Rahm Emanuel infamously said, “Never let a serious crisis go to waste.” It seems some members of Congress have taken his advice.
In a rush to help states that are financially struggling—or preparing for financial turmoil—as a result of the COVID-19 pandemic, Congress passed the Families First Coronavirus Response Act (FFCRA) last month. Despite their best intentions, the fallout from this piece of legislation could be objectively catastrophic for states. Indeed, the bill worsens many of the problems it purports to solve, and Congress must act swiftly to fix it.
The FFCRA offers states increased federal Medicaid dollars to help them weather the virus-induced economic storm that is brewing. But, as always, the devil is in the details and these enhanced Medicaid dollars come with very, very long strings attached.
Specifically, in order to obtain the increased funding, states must agree to not remove ineligible enrollees from Medicaid. You read that right: in order to get federal relief funding, states must continue to give Medicaid benefits to people who no longer qualify for Medicaid, including people who go back to work and increase their incomes beyond the program’s income limit.
States also cannot strengthen eligibility standards or procedures, nor can they increase premiums beyond what they were in January.
This formula forces a nearly impossible choice upon states: compromise the integrity of their Medicaid programs by ignoring fraud, or refuse the funding and go it alone.
And this is putting many states over a barrel, because they desperately need the money.
States have been grappling with skyrocketing Medicaid costs for years—Medicaid consumes nearly one out of every three dollars states spend. And as a result of the pandemic, this reality is about to get much, much worse.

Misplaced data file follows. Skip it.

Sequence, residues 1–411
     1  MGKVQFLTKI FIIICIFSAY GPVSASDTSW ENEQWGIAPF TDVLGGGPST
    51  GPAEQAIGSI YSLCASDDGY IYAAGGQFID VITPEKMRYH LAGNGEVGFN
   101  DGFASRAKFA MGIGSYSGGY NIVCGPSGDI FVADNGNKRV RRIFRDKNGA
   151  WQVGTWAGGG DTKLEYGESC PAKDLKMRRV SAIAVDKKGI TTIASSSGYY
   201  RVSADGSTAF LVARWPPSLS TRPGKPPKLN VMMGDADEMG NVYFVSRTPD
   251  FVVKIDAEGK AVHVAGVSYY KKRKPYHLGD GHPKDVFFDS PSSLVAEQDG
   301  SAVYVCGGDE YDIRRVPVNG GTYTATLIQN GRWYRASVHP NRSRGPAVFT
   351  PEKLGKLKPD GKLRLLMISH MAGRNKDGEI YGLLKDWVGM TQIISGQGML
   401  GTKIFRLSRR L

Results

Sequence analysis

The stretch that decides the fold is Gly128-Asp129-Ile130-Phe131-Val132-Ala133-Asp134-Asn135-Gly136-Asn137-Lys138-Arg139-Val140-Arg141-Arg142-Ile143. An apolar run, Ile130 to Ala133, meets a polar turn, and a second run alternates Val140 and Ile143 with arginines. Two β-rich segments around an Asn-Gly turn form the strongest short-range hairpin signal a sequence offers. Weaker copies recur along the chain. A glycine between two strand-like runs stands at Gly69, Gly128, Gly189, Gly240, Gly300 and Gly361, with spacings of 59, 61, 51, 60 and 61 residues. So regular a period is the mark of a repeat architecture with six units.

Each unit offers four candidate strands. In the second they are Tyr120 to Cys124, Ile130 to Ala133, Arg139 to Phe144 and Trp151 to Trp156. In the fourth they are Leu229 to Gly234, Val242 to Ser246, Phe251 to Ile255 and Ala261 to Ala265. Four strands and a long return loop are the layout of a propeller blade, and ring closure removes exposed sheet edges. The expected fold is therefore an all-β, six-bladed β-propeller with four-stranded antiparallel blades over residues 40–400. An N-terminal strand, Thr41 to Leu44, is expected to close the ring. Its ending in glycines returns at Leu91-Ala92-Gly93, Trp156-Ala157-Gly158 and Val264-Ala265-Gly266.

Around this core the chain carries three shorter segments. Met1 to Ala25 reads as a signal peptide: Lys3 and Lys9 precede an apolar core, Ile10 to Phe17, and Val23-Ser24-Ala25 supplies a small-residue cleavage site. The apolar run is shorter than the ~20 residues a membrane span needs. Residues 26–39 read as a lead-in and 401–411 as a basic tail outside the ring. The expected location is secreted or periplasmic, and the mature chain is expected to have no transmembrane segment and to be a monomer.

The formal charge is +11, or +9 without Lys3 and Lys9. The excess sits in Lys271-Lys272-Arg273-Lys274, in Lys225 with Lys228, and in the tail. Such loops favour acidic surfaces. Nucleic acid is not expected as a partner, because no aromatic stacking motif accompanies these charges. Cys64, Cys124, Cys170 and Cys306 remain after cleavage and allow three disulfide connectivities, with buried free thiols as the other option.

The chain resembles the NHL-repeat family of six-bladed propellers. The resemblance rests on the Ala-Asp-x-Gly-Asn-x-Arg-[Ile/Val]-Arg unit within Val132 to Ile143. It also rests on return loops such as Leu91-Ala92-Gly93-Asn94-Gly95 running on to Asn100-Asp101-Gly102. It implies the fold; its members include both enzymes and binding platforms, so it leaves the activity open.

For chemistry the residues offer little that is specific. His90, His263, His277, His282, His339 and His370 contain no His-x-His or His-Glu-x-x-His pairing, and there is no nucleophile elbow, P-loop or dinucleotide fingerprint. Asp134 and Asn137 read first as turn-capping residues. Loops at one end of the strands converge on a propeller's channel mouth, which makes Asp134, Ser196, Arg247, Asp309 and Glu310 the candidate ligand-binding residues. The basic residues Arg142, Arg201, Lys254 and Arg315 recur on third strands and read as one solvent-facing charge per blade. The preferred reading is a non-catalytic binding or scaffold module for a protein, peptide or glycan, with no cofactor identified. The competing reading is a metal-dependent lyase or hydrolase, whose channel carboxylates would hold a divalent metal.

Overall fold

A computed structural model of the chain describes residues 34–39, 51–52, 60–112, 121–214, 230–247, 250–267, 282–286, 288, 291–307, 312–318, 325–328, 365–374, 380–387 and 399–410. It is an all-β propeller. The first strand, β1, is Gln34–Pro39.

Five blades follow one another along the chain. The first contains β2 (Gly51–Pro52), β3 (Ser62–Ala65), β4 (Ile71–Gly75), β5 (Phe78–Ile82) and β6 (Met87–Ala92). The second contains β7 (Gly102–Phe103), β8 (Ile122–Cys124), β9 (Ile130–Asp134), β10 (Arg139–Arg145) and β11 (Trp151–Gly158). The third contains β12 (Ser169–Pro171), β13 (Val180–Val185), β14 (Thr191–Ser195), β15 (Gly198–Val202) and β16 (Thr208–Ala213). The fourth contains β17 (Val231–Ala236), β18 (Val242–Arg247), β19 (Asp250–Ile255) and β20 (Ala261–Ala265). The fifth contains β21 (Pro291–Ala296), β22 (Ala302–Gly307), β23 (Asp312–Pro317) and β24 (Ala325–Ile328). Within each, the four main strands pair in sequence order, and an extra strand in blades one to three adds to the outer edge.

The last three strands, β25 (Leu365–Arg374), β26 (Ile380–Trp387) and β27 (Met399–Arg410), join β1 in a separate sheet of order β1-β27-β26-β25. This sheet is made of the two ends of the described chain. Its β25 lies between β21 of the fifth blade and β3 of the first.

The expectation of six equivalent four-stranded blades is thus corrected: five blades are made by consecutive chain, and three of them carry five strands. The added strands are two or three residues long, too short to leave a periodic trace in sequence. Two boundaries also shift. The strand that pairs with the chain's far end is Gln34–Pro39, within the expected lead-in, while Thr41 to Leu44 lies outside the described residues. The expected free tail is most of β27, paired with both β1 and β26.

Indeed, unemployment claims have already reached record levels in recent weeks and, for the immediate future, this seems to be the new normal. Many of these newly-unemployed individuals will soon be walking through the front door of the Medicaid program.
But if states accept the enhanced funding, they will be unable to remove any ineligible enrollees in the coming months to make room for new applicants—even though Medicaid enrollees generally face rapidly changing life circumstances that affect their eligibility.
In fact, states frequently report more than 30 percent of enrollees have their enrollment canceled at their annual reviews, due to changing circumstances. As the economy continues to fluctuate, some of these changes will accelerate further as Americans begin to go back to work in the coming weeks and months.
Being able to remove enrollees as their situations change, to free up resources for those who are truly in need, is perhaps the bare minimum of what states should be allowed to do—making sure people who receive welfare benefits actually qualify for them.
But if states want additional help from federal taxpayers to get through the COVID-19 crisis, they’ll have to surrender this tool and sacrifice the integrity of their programs.
To recap: states will be facing—and are already facing—a massive influx of new Medicaid applicants. If they want additional funding to help cover some of these new costs, they will have to agree to retain ineligible enrollees as well, further exploding their budgets. It is truly a Medicaid perfect storm.
In fact, states would be better off rejecting the enhanced funding as it is unlikely to come anywhere close to offsetting the increased Medicaid costs they would face as a result of the long federal strings attached.
FFCRA’s enhanced funding strings are decidedly unfair. Instead of empowering states to effectively deal with the crisis, Congress has tied its hands and given them an impossible choice. But states should never have to choose between the integrity of their programs and a package deal of relief funding, Medicaid for All, and unchecked welfare fraud.
Congress made this mess. Now they need to fix it.
Nic Horton is the research director for the Foundation for Government Accountability.